Their visits offer richer educational opportunities for Elmhurst students, too; many speakers not only give lectures, but also meet and talk beforehand with students and faculty. When Wolf came to campus last October, she screened and discussed her documentary, The End of America, and held a workshop for students on how to make democracy work before giving her public lecture, “Citizen Empowerment 101.”
“The opportunities to meet in small groups with a speaker, or even have a speaker visit a class, have enabled students to engage in discussion and debate on a broad range of issues,” says Connie Mixon, director of the College’s Urban Studies Program. “These opportunities have stimulated deeper conversations, which have resulted in enhanced critical thinking and analysis.”
Some faculty members have incorporated lecture series themes into their coursework. During the Poverty Project year, Dr. Mary Kay Mulvaney, director of the Honors Program, led a course that viewed poverty through several disciplinary lenses: theology, education, political science, health care, geography, biology and literature/film.
And then there is the benefit to students of simply attending the lectures. Mulvaney has required it in some of her classes. “I think it’s important, as part of a whole liberal arts education, that students engage with topics of current public interest or historical significance,” she says. “The lectures are a great way of extending their classroom experience, even if it doesn’t relate directly to the topic of the course.”
As part of an effort to better engage students and develop more academic opportunities in conjunction with the lecture series, faculty members have become more involved in the selection of themes and speakers. Based on faculty suggestions, President Ray recently announced that the 2012–2013 theme will be Science, Technology and Society. Fall lectures in this theme include “Giving Women the Access Code,” by Maria Klawe, president of Harvey Mudd College, and “Willpower: Rediscovering the Greatest Human Strength” by Roy F. Baumeister. The theme the following year will be The Future of Education.
“I hope that as a result of our lecture series, Elmhurst College will not simply become better known, but our faculty and students will be moved to think and act in new and collaborative ways,” he says. “We are, after all, a place of learning and research. Our various lecture series are first and foremost offered in the service of that fundamental mission.”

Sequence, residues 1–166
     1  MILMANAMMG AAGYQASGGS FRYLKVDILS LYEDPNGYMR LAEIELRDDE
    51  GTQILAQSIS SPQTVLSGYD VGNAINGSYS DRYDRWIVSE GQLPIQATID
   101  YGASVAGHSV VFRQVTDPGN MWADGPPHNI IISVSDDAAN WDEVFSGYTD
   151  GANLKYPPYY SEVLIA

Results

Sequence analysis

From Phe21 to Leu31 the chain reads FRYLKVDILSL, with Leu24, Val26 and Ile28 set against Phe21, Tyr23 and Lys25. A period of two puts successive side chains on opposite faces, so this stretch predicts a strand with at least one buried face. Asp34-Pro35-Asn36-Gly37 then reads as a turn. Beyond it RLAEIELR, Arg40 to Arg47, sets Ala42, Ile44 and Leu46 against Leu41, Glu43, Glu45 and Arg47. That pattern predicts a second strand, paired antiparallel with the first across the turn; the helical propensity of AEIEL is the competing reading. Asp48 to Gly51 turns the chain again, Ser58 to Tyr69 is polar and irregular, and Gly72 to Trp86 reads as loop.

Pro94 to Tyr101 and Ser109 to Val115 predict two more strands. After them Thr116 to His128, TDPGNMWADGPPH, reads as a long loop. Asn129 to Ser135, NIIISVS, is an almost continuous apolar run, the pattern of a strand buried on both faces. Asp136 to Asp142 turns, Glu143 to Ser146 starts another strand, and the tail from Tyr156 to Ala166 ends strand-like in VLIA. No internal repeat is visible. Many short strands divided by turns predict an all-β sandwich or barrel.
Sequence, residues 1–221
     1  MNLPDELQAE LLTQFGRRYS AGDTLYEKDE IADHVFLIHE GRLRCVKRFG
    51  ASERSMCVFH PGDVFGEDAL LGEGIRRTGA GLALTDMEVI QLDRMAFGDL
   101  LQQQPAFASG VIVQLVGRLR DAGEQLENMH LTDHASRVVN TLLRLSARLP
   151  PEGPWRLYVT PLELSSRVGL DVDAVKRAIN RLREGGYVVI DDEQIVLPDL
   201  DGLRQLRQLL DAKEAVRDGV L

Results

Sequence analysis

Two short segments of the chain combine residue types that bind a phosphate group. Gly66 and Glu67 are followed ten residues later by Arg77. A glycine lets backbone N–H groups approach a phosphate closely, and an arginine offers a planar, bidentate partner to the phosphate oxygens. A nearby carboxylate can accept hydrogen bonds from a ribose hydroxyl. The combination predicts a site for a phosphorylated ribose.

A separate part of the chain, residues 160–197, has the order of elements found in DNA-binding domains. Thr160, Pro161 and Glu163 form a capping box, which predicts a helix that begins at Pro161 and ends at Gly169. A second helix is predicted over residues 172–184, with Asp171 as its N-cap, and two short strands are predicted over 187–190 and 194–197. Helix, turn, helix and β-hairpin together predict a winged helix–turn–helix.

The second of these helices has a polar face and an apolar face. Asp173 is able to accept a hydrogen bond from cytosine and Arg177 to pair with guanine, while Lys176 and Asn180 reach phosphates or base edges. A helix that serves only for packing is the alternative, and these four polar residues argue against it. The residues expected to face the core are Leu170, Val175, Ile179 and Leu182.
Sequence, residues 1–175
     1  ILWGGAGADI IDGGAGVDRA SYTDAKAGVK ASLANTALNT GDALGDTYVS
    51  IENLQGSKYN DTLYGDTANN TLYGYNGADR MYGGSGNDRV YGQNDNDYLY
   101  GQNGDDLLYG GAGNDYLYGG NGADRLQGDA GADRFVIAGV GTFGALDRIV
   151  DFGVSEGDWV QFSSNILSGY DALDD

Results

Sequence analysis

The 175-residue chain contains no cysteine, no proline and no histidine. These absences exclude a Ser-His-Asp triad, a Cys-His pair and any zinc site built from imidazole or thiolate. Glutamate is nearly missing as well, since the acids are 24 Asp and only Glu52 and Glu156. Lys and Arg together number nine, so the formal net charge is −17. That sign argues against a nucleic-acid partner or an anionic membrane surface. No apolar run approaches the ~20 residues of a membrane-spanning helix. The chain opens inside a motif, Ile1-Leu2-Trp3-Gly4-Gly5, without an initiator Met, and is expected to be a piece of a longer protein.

Mulvaney believes that, in the longer term, helping her students to develop an appreciation for cultural lectures will start them down the road to becoming lifelong learners. “When students go, they see community members who are there because they want to be there, because they’re interested and still want to find out new things,” she says. “Hopefully when these students leave college, they’ll be more engaged citizens and want to keep attending these kinds of events. To me, that’s what lifelong learning is all about—staying intellectually engaged.”
And culturally aware and informed. Today’s more polarized political and ideological environment makes it especially important that colleges like Elmhurst “take an active role in providing a stage for thoughtful voices from all sides of charged social issues,” adds President Ray. “I believe those attending our events want to understand better the complexity of that world and learn how some people—our speakers— are making a positive difference. It is my hope that, as a result of these lectures, some in our audience may be moved to engage the world in a new way and make their own contributions to the common good.”